Alpacas originated from South America, with the largest herds located in the high altitude regions of Southern Peru, Bolivia and Chile known as the Altiplano, and are part of the Camelid family, related to Camels and Llama.

In 1984, the United States and Canada imported their first alpacas, followed by Australia and New Zealand in 1989. The numbers of Alpacas in Australia have slowly increased to well over 130,000 animals, adapting well to our climatic conditions. With a life-span of 15 to 25 years, they are intelligent animals, and easily trained.

Alpacas are environmentally friendly animals, as their soft padded feet are gentle on the land and do not degrade the top soil encouraging weed growth, in comparison with larged hoofed animals like cattle.

Alpacas are pasture grazers with a very efficient conversion rate, they do well on a variety of high fibre grasses including native species. Have your soil tested either with a home pH soil kit, or by soil testing organisations, know your soil and its requirments before you add fertiliser, in turn reducing soil acidification and contaminating the waterways.

Alpacas are free from flystrike, however they are susceptible to pests and diseases like other animals and proper control measures must be implemented to maintain the health of the herd.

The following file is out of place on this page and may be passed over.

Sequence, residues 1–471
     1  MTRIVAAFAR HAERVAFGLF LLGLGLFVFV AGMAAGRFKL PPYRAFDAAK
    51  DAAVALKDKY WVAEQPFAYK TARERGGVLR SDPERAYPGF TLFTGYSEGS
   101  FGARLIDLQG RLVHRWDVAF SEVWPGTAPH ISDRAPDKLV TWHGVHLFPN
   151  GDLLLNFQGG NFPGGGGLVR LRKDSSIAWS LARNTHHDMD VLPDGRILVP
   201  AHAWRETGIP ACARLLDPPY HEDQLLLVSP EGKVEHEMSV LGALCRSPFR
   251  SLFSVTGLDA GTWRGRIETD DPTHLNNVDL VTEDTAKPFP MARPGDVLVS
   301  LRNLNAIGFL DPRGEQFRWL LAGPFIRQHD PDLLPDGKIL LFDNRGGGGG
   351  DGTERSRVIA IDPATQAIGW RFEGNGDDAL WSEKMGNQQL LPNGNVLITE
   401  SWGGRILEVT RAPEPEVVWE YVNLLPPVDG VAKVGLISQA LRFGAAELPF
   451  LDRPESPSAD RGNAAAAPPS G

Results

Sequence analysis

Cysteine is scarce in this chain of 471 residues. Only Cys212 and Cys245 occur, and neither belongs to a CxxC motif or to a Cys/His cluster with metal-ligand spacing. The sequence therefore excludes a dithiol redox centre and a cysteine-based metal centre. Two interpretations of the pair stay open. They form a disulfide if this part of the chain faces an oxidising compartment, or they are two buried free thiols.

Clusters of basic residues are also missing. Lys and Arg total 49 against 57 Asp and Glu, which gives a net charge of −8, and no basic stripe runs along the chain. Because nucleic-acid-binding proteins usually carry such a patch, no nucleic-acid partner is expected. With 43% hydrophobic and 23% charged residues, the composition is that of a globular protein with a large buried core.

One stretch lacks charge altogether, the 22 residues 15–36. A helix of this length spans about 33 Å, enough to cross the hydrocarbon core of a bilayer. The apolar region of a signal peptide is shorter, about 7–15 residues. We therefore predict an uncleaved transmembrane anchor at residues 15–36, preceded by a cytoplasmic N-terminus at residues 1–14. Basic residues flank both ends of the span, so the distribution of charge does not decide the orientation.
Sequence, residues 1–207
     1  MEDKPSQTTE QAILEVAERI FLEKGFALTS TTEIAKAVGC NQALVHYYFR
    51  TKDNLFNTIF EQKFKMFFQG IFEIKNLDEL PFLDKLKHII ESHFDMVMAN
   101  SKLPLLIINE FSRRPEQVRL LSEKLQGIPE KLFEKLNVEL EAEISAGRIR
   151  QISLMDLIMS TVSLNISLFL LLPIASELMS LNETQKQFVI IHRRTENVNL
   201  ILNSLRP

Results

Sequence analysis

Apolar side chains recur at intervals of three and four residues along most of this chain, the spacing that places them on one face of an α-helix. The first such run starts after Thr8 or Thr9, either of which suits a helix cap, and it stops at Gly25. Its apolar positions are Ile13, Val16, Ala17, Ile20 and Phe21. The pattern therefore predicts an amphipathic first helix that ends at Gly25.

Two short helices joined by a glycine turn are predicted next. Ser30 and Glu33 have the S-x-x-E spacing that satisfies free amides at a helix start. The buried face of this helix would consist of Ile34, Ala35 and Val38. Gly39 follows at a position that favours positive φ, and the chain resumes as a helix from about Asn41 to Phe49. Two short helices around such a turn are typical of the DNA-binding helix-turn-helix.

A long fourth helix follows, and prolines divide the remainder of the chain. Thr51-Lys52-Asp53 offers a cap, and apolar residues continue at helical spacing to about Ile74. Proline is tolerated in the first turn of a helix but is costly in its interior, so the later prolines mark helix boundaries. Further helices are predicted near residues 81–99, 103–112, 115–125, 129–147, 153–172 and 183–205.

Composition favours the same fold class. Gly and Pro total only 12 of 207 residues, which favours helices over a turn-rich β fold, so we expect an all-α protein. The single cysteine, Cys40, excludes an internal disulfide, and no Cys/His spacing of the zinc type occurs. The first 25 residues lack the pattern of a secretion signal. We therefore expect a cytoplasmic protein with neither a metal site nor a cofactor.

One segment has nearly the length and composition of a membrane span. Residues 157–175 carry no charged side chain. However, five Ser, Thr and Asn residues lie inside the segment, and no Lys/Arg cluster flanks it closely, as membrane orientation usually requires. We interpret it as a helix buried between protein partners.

Alpacas are easy on fencing, but we advise the use of dog proof fencing for your outer perimeter, the added cost will be recouped with the saving of your valuable animals from attack from wild dogs or your neighbours seemingly friendly dog.


  • The baby alpaca is a Cria, from birth to weaning
  • A Weaner ( approximately 4-6 months) to 12 months
  • Tuis from 12 to 24 months
  • Hembras are adult females
  • Machos are adult males

The Hembra is pregnant for approximately eleven and half months (the gestation period). The cria when born weighs approximately 5 to 9 kgs. Within 1 to 3 hours the cria is up and feeding from its mother which gently hums to the cria.


There are two main types of alpacas bred in Australia, the Huacaya and the Suri.

  • The Huacaya Alpaca which is the most common alpaca type, are fluffy with fleece like sheep, with a bonnet of wool on its head, the fleece grows straight out from the body, the staples are straight showing crimp.
  • The Suri Alpaca are less common in Australia, the animal is covered in long pencil fine locks which hang down from the body. The fleece has lustre and feels silky and slippery to the touch.

Alpaca fleece comes in 22 natural colours, white, fawn, brown, grey, black and fancy, appaloosa, with all the various shadings in between.


If you are interested in breeding Alpacas do your homework, check out all the information available and when purchasing alpacas, make sure they are registered with either the Australian Alpaca Association (AAA) or Australasian Alpaca Breeders Association (AABA).


Australian Alpaca Assoc. Logo

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